How can you know when you are actually making a morally correct choice or not? How can you know if the choices you made were the right or wrong ones? Will every bad decision bring a consequence or not? Those are some of the questions we ask ourselves during our lifetime before we make some serious decisions.
Many games have used the element of morality to engage players in deciding outcomes in series of events and incidents. Whether they would be hero or antihero in Bioware games like Mass Effect and Dragon Age, hero or villain in games like inFamous series, or basically dealing with the grey area in Telltale’s games The Walking Dead and The Wolf Among Us, giving players the opportunity to make their own decisions makes the game better. Players have the opportunity to make their own story in the game, and can consciously decide their fate as many fans discuss possible outcomes in forums and social networks.
There is one catch though: most of the games with choices have consequences that are kind of obvious, especially if it’s a simple good/bad side equation. This is kind of disheartening for me since I want to actually question my decisions and feel remorse that I made that choice even though there was another outcome that could be as bad. Mass Effect had one choice like that which was memorable by many fans including me, but there weren’t many like that in the sequels and other games. Now, there is a new kid in the neighborhood.
Justin Amirkhani was just spending a year on the road, traveling around North America and met a variety of game developers for a journalism project, but he got a vision that would become Always Sometimes Monsters when he came back home. That is also when he decided to ask Jake Reardon for help with such an ambitious project while partnering with Devolver Digital to give the necessary aid to bring the game to life, and that gamble was well worth it when they revealed it to the public and subsequently released.
Always Sometimes Monsters is a game about life in its lowest level. You are a vagabond who lost one and only love of your life who is going to get married in a town far away from your home, and your dream job that you fantasized of having. You thought that you had everything you wanted in life but you just lost it all. To make things worse, you didn’t pay your rent so the landlord kicked you out of the building and forced you to sleep in a rough alley.
Always Sometimes Monsters is one of those games that actually affected me emotionally as a result of decisions I made, and how to proceed throughout the story as a good guy or someone who would ruin someone else’s life. The thing is, though, you can’t have a perfect character as you have to compromise in some situations of the game - because in life there are no black-and-white answers. I mostly tried to be as good as possible, but there were some instances which didn’t satisfy a person, or it was an innocent mistake but someone else took it very personally - and held me responsible. There were even some consequences that I couldn’t even try to amend and instead suffered from a decision I made in an instance of the game. This is how bad a payback can be in a game like this.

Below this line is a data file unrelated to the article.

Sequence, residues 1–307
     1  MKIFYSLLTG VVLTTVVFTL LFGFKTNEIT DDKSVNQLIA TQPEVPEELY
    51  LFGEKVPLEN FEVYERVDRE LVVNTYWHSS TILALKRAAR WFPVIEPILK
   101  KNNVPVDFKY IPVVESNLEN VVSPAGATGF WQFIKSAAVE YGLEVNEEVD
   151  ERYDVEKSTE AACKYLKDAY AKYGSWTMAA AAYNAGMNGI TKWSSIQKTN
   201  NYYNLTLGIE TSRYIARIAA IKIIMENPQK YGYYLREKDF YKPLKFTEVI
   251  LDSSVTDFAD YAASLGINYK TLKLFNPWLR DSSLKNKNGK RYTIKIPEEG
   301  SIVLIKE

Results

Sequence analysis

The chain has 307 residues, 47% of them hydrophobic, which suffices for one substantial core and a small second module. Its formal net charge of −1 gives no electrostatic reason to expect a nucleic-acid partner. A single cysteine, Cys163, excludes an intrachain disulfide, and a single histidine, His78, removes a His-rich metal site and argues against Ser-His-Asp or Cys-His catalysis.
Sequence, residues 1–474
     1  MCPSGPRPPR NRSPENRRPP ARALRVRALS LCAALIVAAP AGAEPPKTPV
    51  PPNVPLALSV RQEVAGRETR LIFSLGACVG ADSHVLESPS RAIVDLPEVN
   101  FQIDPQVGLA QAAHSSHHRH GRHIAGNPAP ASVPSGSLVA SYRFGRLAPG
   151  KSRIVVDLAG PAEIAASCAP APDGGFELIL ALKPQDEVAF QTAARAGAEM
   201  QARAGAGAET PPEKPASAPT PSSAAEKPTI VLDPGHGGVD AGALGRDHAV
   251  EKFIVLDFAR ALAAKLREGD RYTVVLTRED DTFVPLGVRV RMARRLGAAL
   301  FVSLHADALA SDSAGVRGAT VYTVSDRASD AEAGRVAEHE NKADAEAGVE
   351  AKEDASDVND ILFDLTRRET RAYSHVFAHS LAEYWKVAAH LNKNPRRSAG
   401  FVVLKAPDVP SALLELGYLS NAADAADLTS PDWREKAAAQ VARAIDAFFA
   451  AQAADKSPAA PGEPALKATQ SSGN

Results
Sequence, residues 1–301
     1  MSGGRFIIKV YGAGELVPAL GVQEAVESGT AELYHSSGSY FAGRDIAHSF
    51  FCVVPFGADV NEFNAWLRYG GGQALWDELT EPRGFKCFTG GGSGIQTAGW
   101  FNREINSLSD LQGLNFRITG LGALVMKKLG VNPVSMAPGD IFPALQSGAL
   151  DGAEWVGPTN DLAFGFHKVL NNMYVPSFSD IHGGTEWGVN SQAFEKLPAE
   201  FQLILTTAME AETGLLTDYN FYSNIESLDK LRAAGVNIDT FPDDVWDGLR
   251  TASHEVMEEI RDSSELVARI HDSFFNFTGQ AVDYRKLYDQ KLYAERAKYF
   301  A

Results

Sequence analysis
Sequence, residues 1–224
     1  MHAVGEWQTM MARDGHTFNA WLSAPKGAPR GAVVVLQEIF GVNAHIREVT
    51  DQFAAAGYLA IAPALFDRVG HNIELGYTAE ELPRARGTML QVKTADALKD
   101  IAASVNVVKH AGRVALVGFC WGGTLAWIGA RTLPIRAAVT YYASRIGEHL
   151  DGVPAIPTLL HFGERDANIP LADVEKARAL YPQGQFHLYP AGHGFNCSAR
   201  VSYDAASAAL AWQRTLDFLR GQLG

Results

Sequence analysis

Before all of that though, I was just having fun at a party hosted by an important person who is in a high position at a publishing company. I, along with others, wanted the opportunity to have a publisher to assist with paying money for our books and apparently he chose me as I brought a drink along with my partner of life and cheered for the success, not knowing the outcome.
Basically, the game gave you the choice to play as a character at the party. You were that important person at first looking around, and you see the person suits your needs as the protagonist of the game. As you finish, you start playing as that chosen character so you have to get into the other room to choose your significant other. You can basically choose anyone in that room to be your lover, even if he or she has the same gender as you do which is great for players who want to explore that type of sexuality and relationship in-game. After toasting for the job the game really gets underway.
Everything you do is a decision you make in the game. The career is the perfect example as you choose which job you want to do, or try to get the easy way to earn fast money - which could be morally questionable, like selling a lost dog to a dog fighting club instead of returning him to his worried owner. The thing is that you have to make money and survive in the game if you want to get through, especially because you need to take any chance to travel from one town to another, either with the help of a friend or by your own means, so be careful if there is an opportunity that could help you in the future. Above all, you have to do anything to reach your lover before it is too late. It is your decision, however, to try to stop the marriage or just deal with it and move on for the sake of your love and the partner.
Always Monsters Sometimes is a gem in my library. It isn’t perfect, but not many games attempt to go through with hard decisions to satisfy the player or just make that player feel remorse from one decision to another (I can’t help but still feel guilty from a few choices I made during my journey to the wedding). The question is, was it worth it? Everyone has different opinions about this as they have gotten different endings, so if you want to know your story, try out the game and see your story unfold.
Are we always, sometimes, monsters? Find out for yourself when you get the game, and happy indie month ladies and gentlemen!
Day 8 | Vagabond Dog